Using the Beacon's Drag & Drop feature to position Skydio 2

Line-of-Sight 

Flying line-of-sight has major benefits when it comes to maintaining a strong signal, but it’s also important for flying safely. This FAA rule states that the POC (Pilot In Command) must be able to visually locate the drone at all times. This does not mean that your eyes need to be locked on the drone for the entire flight, as this would make it near-impossible for solo-operators if they couldn’t check their video feed. However, it does mean that you should always be able to look up and locate your  drone.

Flying Over Crowds

Flying over crowds of people requires a Part 107 license, as well a waiver from the FAA. Always abide by this rule and make sure to get a waiver for flying over crowds. While most recreational pilots will receive warnings for their first offense, Part 107 pilots (who should know better) could receive a hefty fine for these types of violations.

Piloting While Operating Vehicle

According to the FAA, "flying drones while operating a vehicle or aircraft unless you are flying your drone over a sparsely populated area." Operating in urban environments, with roads, power-lines, moving vehicles, and pedestrians present challenges for Skydio 2 and may result in injuries or destruction of property. Not only is operating a drone while driving illegal from the federal government's perspective it is also very dangerous. In the event your Skydio 2 crashes while tracking you on a public road, the odds of getting it replaced via the Skydio warranty are very slim, and the odds of receiving a call from the FAA are high. Just don’t do it.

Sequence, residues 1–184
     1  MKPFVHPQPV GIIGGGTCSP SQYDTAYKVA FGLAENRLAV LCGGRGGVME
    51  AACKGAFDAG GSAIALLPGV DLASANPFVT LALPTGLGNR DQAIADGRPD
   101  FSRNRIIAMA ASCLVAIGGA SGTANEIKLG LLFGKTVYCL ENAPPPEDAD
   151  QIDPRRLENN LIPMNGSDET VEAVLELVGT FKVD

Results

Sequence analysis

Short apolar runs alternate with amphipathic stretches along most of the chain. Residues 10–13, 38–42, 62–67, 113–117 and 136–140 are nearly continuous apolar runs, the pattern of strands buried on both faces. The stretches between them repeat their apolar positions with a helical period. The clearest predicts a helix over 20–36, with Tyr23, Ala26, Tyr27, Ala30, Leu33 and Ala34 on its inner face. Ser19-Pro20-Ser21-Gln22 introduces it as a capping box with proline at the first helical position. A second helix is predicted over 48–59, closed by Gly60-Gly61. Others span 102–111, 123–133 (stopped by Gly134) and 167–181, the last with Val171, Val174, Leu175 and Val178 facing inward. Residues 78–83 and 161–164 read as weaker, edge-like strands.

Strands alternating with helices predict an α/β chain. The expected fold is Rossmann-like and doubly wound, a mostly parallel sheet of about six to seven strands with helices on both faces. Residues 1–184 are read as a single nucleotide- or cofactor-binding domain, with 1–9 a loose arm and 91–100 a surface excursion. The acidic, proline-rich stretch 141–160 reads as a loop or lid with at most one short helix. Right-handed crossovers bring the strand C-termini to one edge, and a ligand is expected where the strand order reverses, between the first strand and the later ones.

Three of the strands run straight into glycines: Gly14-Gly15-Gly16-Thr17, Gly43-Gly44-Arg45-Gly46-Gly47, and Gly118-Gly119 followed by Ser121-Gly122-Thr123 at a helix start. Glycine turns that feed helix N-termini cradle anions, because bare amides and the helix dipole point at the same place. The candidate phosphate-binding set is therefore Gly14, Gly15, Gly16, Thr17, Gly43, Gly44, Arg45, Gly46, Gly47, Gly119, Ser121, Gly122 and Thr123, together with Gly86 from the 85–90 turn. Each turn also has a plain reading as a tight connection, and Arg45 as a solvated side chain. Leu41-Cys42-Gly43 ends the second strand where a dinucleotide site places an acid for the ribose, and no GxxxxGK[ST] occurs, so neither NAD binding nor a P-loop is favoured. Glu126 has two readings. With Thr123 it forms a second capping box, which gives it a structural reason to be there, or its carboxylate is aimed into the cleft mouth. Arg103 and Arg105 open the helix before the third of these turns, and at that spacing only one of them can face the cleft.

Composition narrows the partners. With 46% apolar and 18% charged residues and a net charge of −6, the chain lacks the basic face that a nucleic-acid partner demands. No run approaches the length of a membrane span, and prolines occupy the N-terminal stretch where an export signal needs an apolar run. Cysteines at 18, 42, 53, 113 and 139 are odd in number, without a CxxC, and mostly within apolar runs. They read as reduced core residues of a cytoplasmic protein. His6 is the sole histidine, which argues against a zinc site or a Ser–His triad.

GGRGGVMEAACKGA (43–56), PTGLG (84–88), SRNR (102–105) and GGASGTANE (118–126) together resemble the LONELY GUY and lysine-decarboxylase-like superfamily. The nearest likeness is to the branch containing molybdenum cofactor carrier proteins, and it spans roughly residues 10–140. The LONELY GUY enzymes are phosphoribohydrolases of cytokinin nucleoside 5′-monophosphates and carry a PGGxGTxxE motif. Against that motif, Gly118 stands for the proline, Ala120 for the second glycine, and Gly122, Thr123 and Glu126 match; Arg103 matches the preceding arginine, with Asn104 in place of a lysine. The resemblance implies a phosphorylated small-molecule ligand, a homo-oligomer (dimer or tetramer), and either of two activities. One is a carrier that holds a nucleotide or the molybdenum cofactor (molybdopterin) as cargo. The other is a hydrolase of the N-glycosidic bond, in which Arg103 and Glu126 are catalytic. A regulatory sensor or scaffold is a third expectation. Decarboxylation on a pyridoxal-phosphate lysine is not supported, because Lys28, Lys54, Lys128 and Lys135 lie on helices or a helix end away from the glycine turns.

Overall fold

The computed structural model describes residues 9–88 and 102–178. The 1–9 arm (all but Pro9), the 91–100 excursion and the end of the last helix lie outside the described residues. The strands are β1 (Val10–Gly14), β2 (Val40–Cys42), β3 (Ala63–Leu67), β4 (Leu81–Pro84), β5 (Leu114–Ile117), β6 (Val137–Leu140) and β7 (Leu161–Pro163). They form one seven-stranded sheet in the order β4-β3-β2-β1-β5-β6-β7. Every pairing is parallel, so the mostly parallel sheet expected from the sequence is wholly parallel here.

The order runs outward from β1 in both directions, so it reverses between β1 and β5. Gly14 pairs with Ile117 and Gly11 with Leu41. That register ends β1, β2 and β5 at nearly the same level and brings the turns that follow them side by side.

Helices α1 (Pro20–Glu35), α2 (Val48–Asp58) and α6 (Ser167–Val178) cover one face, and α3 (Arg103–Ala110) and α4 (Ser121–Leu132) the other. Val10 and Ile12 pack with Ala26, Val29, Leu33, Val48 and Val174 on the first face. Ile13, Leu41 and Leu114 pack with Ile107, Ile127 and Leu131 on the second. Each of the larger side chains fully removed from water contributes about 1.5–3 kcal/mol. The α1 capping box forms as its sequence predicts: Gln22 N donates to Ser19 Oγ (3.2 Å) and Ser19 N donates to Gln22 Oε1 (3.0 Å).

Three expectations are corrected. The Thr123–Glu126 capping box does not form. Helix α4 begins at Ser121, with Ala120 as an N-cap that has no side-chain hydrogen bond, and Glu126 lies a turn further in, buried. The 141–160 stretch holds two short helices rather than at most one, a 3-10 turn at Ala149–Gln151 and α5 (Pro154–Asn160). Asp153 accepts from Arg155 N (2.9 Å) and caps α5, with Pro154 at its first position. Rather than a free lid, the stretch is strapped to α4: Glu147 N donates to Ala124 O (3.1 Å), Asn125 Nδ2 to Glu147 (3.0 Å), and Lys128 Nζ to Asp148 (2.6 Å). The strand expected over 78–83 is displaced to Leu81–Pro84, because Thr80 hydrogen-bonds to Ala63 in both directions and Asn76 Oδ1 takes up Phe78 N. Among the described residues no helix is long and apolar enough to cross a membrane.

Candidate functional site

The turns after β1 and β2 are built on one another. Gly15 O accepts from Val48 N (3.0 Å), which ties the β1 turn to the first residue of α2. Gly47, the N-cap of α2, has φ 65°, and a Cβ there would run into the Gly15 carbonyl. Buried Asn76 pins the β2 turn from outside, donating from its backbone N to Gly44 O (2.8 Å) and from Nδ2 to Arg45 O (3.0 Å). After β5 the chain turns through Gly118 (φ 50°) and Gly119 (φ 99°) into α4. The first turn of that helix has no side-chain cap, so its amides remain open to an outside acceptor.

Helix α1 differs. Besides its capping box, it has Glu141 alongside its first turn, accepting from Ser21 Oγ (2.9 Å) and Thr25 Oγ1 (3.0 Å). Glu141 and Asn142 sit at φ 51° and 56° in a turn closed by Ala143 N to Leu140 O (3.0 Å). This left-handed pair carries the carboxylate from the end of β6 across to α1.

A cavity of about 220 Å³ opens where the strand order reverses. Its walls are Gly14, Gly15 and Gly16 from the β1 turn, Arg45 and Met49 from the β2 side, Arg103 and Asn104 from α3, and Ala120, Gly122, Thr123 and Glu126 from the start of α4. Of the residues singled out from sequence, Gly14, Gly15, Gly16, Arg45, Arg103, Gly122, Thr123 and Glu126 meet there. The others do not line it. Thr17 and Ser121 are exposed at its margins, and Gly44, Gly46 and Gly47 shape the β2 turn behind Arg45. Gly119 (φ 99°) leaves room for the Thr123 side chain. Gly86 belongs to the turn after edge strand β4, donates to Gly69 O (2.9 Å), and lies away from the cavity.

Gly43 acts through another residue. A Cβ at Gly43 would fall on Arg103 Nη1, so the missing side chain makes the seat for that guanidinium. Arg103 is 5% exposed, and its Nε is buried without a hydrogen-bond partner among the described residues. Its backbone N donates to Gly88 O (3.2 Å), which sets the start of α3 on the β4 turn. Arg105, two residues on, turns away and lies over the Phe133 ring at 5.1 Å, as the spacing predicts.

Captured autonomously and safely by Pete Greep (click to follow)

What Makes an Expert Skydio Pilot?

When flying autonomously, a skilled Skydio operator should know where the drone is positioned, what tracking mode is being used, and where potential hazards lie. Instead of flying blindly into danger, skillful Skydians use ‘Fixed Track’ and ‘Drag & Drop’ to not only place their drone out of harm’s way, but where it has the best chance to succeed to get the best shot. Veteran Skydio pilots understand that if their drone is using all 1.3 trillion operations per second calculating how to avoid the obstacles in “thin branch hell,” you are likely to come away with disappointing footage as compared to a more open location.

Nicole Bonk, host of Skydio Flight School and perpetual flannel wearer (click to watch)

Expert Skydio pilots know, understand, and follow safety guidelines and regulations so they can worry less and fly more. They have read the manuals, articles, and Safety and Operating GuidelinesSafety Guidelines as well as Skydio Flight School, so they are well informed regarding autonomous flight as well as Skydio 2’s unique feature-set, control devices, and safety features. Skydio expert pilots understand that Skydio Autonomy may seem like magic, but in reality it’s breakthrough technology with specific limitations that should be respected.

Learn more about Skydio 2
Watch Skydio Flight School
Read the Skydio 2 Safety and Operating Guidelines